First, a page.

I owe pictures from other days, all of which tend to blend together when you take pictures of the same kind of thing every day. I seem to remember setting a goal for myself to photograph something memorable each day. Were the zinnias that memorable on seventeen separate occasions? No. No, they were not. On the other hand, the idea of having a post devoted just to zinnias on a given day made more sense in light of another original goal: taking roughly 1 (one) picture each day. Ha! Ha ha ha ha ha ha ha! Ha ha ha ha ha ha ha ha ha ha ha ha ha ha ha ha ha ha ha ha ha ha ha ha ha ha ha ha ha ha ha ha ha ha ha ha ha ha ha ha ha ha ha ha ha ha ha ha ha haaaaaaa. One. The upshot is, you have been and will continue to be bombarded with a ramshackle documentation of the same plants from bud to bloom to long, slow senescence.
Funnily enough, on July 15th, I only took one picture. And what a picture it was, too. That’s later in this entry.
July 13th pictures:
These are all from the shade garden and the regular garden next to it. (Oops, sorry to imply that you’re irregular, shade garden.)
An uncharacteristically pink echinacea
The bishop’s weed is taking a beating in this heat. There is a border of them in my shade garden and part of one of our hillside gardens in the backyard is consumed with them, and they are now consumed with brown.
The gardening side of me is sad; the picture-taking side is happy, because you know of my torrid photographic love affair with leaves that look pathetic.
I could say this picture was taken in the fall and this is one of those little spurts of life you sometimes get even in fall in this part of the world. But no, the crab apple is just losing leaves prematurely, and my love-in-a-mist is making infinitesimal progress.
I feel like this picture, more so than others I’ve taken this year, gets a little closer to capturing the “mist” effect implied by the name of the plant. It’s like a little cloud of bracts.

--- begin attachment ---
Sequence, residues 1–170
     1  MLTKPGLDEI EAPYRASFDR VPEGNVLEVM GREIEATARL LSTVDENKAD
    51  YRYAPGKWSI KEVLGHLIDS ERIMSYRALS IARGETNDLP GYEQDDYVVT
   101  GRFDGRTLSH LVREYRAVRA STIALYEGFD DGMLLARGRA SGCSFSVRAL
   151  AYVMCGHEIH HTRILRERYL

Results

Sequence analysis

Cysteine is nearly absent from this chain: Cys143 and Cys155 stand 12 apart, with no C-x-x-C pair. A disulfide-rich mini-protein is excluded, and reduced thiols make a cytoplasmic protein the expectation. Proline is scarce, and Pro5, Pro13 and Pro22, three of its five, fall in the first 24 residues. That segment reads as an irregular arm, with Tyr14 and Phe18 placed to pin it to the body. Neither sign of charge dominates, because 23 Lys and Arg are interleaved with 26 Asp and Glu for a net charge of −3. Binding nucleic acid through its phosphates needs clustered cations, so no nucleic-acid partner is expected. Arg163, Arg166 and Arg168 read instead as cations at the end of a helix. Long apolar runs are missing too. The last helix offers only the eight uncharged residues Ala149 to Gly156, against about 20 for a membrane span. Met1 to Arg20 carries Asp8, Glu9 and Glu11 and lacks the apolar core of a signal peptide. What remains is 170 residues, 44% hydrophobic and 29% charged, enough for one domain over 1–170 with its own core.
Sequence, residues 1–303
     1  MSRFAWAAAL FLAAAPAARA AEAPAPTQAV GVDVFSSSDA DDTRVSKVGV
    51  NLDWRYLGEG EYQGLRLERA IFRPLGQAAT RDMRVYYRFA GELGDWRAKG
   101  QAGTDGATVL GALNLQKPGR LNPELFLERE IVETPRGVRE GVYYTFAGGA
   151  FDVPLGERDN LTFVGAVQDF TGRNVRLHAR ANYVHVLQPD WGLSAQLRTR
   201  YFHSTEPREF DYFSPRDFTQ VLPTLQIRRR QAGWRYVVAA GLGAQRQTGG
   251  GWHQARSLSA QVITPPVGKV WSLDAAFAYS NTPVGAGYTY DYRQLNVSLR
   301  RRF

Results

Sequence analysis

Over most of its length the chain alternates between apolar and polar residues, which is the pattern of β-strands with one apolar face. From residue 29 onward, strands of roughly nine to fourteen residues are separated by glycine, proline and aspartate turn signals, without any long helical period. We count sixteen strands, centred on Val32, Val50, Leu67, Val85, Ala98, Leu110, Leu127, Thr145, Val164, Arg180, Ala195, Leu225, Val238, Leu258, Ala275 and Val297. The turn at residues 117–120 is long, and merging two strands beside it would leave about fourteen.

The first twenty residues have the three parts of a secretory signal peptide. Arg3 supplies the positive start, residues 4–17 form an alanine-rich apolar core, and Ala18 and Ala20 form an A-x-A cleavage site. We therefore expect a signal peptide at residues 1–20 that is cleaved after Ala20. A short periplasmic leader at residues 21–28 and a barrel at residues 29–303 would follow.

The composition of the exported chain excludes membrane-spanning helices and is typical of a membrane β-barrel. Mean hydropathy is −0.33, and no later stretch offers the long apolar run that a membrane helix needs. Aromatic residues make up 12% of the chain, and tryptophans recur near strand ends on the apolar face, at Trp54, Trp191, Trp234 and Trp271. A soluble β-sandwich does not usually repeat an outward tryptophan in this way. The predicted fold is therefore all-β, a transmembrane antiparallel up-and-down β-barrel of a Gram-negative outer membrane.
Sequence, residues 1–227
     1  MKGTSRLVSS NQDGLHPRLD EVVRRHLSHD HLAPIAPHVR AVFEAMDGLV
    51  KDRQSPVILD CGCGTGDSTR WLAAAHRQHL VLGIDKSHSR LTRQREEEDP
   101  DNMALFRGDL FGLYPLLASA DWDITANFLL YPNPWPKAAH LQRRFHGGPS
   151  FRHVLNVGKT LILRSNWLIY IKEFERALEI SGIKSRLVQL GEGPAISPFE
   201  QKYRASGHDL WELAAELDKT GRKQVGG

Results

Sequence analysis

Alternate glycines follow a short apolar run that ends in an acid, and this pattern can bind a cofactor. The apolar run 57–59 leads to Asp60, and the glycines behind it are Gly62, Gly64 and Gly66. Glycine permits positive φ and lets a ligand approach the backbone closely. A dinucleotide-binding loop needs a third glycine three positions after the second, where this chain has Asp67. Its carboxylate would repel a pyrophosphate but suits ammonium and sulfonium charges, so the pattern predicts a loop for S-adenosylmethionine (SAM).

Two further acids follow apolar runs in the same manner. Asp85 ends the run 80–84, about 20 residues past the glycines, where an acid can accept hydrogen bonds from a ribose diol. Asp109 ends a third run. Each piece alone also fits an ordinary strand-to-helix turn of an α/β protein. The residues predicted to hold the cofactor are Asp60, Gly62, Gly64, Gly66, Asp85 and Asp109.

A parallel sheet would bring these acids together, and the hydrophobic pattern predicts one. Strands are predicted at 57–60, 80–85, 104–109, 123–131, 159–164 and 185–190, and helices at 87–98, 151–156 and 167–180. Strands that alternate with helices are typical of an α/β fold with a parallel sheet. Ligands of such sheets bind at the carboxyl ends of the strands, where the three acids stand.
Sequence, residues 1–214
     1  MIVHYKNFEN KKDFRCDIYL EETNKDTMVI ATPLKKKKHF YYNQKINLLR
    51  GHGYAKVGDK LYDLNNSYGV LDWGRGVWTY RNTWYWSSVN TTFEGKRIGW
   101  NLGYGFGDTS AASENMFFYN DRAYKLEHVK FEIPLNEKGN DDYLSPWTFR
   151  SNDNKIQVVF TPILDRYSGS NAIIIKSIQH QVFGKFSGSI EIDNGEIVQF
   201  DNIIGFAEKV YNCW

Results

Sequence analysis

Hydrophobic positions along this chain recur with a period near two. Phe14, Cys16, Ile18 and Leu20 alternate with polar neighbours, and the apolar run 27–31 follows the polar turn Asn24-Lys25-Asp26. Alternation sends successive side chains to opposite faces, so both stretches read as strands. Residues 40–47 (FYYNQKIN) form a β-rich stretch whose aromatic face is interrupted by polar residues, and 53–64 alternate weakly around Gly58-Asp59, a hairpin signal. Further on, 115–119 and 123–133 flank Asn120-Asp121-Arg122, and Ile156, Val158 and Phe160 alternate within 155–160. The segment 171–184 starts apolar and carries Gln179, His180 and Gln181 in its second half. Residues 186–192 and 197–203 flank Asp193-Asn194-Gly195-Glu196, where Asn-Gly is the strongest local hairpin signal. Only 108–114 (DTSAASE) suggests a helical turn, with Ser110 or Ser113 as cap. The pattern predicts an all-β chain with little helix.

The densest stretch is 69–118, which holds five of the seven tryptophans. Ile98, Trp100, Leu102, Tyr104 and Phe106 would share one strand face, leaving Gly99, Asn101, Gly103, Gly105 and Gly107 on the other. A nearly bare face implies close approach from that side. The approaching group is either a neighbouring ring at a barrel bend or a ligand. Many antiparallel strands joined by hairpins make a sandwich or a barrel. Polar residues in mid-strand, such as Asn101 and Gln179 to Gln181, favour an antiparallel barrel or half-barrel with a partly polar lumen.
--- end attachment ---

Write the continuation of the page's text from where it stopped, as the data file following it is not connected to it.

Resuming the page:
The milkweed’s seed pods are developing.
As always I am intrigued by the poppy seed pod.
Some of the echinacea develop quite strangely, with uneven color patches. Some develop one type of flower first, some, the other; some at the same time, like this one.
And sometimes the echinacea appear to have been cartwheeling through mud puddles.
This picture will have to be the soul testament to the ‘Blue Boy’ bachelor buttons, which reached their zenith almost sight unseen, hidden by the echinacea. I thought the buttons would get taller. Oh well.
I feel the urge to take pictures of everything I concoct that is more complicated than a bowl of cereal. I snapped this picture with that in mind and it ended up being the only picture I took that day. So now I am compelled to share it with you to make this journey complete.
I lied when I implied that the 15th’s was an exciting picture. Can you ever forgive me?
It’s a beet/barley/goat cheese/beet green salad. Take some beets. Nice if they’re fresh and have greens. Wash them, or don’t. NPR said you should eat more dirt (verbatim). So, be cavalier like that if they’re from your own garden and you don’t live on a toxic waste dump. Cut the beets off and stick ’em in a thing and fill the thing with water and put it in the oven for a while with foil on the thing. Take ’em out later and take the skins off. Meantime do some barley on the stove. Then take that off and dump this in a bowl and dump your newly chopped beets in and then rip up the beet leaves toss those in and then dump in some olive oil and then dump in some balsamic vinegar and then stir it together and then put it in the fridge. Then put some cheese on it. Like goat cheese. Then eat it. Eat all of it. I should have a cooking blog.
These are all from the backyard.
There is a corner overrun with globe allium, which irritates me a little as so many news ones come up every year and they’re a bit hard to get rid of. The flowers last a long time, though, and they look great in profusion. They also like quite pretty with some old rusty garden ornamentation.
Oops, something in the mesclun mix bolted. But the flowers are pretty, so it’s okay.
The anise is starting to bloom.
Hey, a friend.
Have you paid much attention to a snail’s face before? No? Why, just because it doesn’t really have one? That’s kind of nightmarish, actually.
One of the Chinese lanterns, gone before its time.
Another Chinese lantern, looking better.
Bee balm has something like a monk’s hairstyle.
They just have this halo of flowers left. A bit extravagant for a monk, admittedly.